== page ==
Part 1: Students conduct an independent writing activity (~6 minutes)
Prompt: What is citizenship? What is science? First develop a definition for each term in your STEM journal. Then create a venn diagram that compares and contrasts these two concepts.
Part 2: Talk-Think-Open Exchange (~10)
We use collaborative idea exchange protocols often. This protocol was first used in the course when students developed a shared understanding of social emotional learning competencies for their classroom culture contract design projects. There is a more robust description of this process attached as a resource.
In triads, students will complete three rounds of discussion questions, an open exchange, and a classroom share. Each student has 45 seconds to speak during the first three rounds. Groups have two minutes for the open exchange.
Part 3: Group understanding (~6)
Part 4: Individual iteration (~3)
Students revise original independent writing ideas with learnings from the group discussion experience
What will students do?
This activity is a "shallow dive" because students will explore the concept of citizen science with breadth, but not depth. I open this activity by telling students to image they are SCUBA divers going on their first dive in a part of the ocean that no human has ever seen. Though they will be only look at a small part of the ocean and the information will be overwhelming, they can still develop some idea of the terrain. This will be a time for "cognitive play." Look around! Have fun! Explore!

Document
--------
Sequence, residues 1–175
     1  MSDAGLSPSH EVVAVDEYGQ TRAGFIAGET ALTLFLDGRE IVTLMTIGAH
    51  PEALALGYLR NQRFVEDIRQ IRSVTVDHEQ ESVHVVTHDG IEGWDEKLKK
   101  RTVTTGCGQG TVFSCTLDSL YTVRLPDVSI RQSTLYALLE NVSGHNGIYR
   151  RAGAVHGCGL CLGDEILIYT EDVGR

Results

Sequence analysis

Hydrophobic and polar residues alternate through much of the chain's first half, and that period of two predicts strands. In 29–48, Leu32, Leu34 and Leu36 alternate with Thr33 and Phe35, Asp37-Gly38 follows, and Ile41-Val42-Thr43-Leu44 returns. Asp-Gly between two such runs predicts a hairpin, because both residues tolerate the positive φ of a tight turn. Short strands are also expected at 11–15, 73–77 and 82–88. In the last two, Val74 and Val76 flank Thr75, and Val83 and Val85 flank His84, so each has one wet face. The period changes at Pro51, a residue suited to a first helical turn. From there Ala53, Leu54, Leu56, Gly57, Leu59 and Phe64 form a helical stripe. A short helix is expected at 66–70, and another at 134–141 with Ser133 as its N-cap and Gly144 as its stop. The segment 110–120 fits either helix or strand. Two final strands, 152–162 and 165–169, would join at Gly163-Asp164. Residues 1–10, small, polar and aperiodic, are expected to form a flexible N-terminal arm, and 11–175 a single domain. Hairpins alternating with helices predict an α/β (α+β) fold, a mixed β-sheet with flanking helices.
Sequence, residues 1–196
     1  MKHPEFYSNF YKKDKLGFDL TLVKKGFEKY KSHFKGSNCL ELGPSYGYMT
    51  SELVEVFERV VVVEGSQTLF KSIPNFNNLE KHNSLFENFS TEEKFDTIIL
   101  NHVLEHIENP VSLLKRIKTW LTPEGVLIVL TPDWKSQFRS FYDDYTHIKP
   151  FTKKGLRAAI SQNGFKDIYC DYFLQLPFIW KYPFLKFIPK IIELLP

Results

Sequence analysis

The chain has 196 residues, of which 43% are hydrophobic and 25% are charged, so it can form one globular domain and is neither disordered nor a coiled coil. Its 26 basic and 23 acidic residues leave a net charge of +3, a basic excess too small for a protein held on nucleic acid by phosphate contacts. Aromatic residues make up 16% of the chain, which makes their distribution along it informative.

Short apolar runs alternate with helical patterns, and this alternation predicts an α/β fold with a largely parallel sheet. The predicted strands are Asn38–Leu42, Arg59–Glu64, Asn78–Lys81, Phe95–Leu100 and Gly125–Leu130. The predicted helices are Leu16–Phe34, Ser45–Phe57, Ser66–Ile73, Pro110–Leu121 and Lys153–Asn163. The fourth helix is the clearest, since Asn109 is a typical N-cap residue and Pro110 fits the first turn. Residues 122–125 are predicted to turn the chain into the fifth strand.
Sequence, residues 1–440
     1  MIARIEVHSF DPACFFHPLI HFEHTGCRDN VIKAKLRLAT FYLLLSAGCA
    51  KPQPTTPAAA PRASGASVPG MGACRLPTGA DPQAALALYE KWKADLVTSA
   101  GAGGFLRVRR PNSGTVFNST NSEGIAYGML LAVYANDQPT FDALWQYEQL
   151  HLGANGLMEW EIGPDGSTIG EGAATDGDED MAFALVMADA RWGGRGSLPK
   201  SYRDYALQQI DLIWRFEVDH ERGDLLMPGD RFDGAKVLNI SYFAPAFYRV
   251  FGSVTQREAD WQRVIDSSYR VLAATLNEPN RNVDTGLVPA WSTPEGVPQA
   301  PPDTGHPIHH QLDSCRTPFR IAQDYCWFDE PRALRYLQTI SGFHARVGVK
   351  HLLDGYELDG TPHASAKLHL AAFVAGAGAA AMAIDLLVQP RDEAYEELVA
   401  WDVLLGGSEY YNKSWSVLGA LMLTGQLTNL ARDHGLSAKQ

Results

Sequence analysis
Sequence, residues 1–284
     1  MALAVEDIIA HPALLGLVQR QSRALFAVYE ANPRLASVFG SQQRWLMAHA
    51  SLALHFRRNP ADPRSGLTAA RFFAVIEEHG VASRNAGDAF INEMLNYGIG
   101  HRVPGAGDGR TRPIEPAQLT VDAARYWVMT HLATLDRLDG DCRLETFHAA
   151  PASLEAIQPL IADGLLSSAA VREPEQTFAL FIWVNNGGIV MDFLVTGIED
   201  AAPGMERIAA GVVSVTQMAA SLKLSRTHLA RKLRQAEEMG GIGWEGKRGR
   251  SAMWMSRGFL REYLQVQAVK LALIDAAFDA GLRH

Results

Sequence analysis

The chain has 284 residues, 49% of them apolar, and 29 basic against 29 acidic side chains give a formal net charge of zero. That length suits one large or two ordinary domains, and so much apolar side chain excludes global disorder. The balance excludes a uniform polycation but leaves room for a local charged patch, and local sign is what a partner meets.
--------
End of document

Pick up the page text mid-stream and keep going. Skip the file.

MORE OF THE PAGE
I have three guidelines for this activity:
For this activity I will have two digital "hubs" set up around the room for students to explore.
One hub is a TED Talk about biohacking:
The other is an audio only Science Friday program from NPR:
What will the teacher do during this time?
While students are interacting with content I will have mini debriefs with individual students and small student teams. My goal is to assess students' understanding of content, monitor students' developing understanding of citizen science, and to develop a picture of what aspects of citizen science students like and don't like.
This debrief is a teacher-facilitated discussion about the shallow dive process. The purpose is to allow students to voice their ideas about what they learned, to identify necessary supports, and to build community by identifying common feelings encountered during the process.
Finally, students complete the following two sentence starters:
I will use these exit tickets to gather baseline data for my classes. What do students understand? Where do students have misconceptions? What do students want to know that I might include in future lessons?
Why do students not debrief the shallow dive?
The shallow dive is cognitively demanding for most students, and the debrief for the shallow dive is essentially the next lesson in this sequence. I had tried to debrief the shallow dive with two of my classes and realized that students had learned so much new information that asking them to process and reflect was too much.